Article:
EGCG protects against oxidized LDL-induced endothelial dysfunction by inhibiting LOX-1-mediated signaling

Hsiu-Chung Ou, Tuzz-Ying Song, Yueh-Chiao Yeh, Chih-Yang Huang, Shun-Fa Yang, Tsan-Hung Chiu, Kun-Ling Tsai, Kai-Ling Chen, Yun-Jhen Wu, Chiou-Sheng Tsai, Li-Yun Chang, Wei-Wen Kuo, Shin-Da Lee
Journal of Applied Physiology 2010, 108 (6): 1745-56
Lectin-like oxidized low-density lipoprotein receptor-1 (LOX-1), originally identified as the major receptor for oxidized low-density lipoprotein (oxLDL) in endothelial cells, plays a major role in the pathology of vascular diseases. Green tea consumption is associated with reduced cardiovascular mortality in some epidemiological studies. In the present study, we hypothesized that the most abundant polyphenolic compound in tea, epigallocatechin-3-gallate (EGCG), can downregulate parameters of endothelial dysfunction by modulating LOX-1-regulated cell signaling. In cultured human umbilical vein endothelial cells (HUVECs), exposure to oxLDL (130 microg/ml), which led to an increase in LOX-1 expression at the RNA and protein levels, was abrogated by addition of EGCG or DPI, a well-known inhibitor of flavoproteins, suggesting the involvement of NADPH oxidase. Furthermore, oxLDL rapidly activated the membrane translocation of Rac-1 and p47phox and the subsequent induction of ROS generation, which was suppressed markedly by pretreatment with EGCG or anti-LOX-1 monoclonal antibody. OxLDL also increased p38 MAPK phosphorylation and decreased phosphorylation of the amino-terminal region of Akt, with maximal induction at about 30 min, and NF-kappaB phosphorylation within 1 h, resulting in redox-sensitive signaling. In addition, oxLDL diminished the expression of endothelial nitric oxide synthase (eNOS), enhanced the expression of endothelin-1 and adhesion molecules (ICAM, E-selectin, and monocyte chemoattractant protein-1), and increased the adherence of monocytic THP-1 cells to HUVECs. Pretreatment with EGCG, however, exerted significant cytoprotective effects in all events. These data suggest that EGCG inhibits the oxLDL-induced LOX-1-mediated signaling pathway, at least in part, by inhibiting NADPH oxidase and consequent ROS-enhanced LOX-1 expression, which contributes to further ROS generation and the subsequent activation of NF-kappaB via the p38 MAPK pathway. Results from this study may provide insight into a possible molecular mechanism by which EGCG suppresses oxLDL-mediated vascular endothelial dysfunction.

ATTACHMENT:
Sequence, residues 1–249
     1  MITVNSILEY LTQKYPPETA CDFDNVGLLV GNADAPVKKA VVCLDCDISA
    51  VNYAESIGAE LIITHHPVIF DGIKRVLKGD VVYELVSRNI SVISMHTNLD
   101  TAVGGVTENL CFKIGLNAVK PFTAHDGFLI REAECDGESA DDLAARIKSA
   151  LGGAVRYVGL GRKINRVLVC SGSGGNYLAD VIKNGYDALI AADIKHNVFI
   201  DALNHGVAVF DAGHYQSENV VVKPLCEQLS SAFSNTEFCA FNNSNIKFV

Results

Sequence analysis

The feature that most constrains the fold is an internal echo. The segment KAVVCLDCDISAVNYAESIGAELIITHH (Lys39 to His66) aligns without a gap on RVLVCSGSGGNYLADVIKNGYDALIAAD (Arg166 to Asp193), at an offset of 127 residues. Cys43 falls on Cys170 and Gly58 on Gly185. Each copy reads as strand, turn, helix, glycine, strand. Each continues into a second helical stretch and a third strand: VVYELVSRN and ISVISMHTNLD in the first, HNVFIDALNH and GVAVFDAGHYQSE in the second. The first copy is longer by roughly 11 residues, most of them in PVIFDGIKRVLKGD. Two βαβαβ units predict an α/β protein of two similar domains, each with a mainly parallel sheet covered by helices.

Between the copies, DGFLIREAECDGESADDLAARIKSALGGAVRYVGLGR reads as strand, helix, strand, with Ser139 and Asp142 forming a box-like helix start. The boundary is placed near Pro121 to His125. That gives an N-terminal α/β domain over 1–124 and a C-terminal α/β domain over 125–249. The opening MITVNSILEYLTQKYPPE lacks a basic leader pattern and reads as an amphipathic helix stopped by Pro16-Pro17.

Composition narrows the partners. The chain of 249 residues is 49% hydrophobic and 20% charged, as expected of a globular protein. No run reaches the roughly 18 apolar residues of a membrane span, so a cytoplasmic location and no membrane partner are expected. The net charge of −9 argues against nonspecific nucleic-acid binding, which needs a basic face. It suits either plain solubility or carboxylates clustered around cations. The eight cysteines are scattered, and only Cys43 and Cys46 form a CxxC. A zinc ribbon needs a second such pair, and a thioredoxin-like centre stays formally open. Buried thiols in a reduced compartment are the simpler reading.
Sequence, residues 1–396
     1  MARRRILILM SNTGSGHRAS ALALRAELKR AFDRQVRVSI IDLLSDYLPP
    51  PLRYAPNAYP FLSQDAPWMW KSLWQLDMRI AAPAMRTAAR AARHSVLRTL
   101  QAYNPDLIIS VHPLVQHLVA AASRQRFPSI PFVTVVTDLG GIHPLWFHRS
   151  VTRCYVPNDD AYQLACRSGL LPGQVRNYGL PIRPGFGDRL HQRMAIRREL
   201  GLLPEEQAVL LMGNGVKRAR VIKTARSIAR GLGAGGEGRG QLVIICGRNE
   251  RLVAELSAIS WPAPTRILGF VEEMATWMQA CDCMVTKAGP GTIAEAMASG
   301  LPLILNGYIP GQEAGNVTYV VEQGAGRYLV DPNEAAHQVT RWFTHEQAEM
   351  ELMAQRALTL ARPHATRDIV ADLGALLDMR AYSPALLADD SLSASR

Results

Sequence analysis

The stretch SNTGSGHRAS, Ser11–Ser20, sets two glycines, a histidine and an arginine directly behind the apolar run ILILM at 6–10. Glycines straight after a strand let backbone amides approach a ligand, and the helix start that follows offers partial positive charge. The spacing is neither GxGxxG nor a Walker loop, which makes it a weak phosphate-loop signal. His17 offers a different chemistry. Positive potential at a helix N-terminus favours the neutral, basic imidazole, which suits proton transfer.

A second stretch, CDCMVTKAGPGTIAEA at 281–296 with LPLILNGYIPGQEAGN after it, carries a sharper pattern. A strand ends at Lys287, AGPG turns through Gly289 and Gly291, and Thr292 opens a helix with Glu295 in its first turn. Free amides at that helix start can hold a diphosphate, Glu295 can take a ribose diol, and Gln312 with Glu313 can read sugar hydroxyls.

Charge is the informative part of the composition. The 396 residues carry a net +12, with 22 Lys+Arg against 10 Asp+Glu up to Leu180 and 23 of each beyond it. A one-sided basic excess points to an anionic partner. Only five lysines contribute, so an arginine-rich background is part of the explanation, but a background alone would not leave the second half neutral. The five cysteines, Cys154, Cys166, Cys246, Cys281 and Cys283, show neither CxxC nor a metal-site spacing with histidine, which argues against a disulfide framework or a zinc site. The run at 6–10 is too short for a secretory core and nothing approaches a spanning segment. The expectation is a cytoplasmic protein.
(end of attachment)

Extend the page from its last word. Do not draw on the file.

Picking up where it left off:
Full Text Links

Find Full Text Links for this Article


You are not logged in. Sign Up or Log In to join the discussion.

Related Papers

Remove bar
Read by QxMD icon Read

Save your favorite articles in one place with a free QxMD account.


Search Tips

Use Boolean operators: AND/OR

diabetic AND foot
diabetes OR diabetic

Exclude a word using the 'minus' sign

Virchow -triad

Use Parentheses

water AND (cup OR glass)

Add an asterisk (*) at end of a word to include word stems

Neuro* will search for Neurology, Neuroscientist, Neurological, and so on

Use quotes to search for an exact phrase

"primary prevention of cancer"
(heart or cardiac or cardio*) AND arrest -"American Heart Association"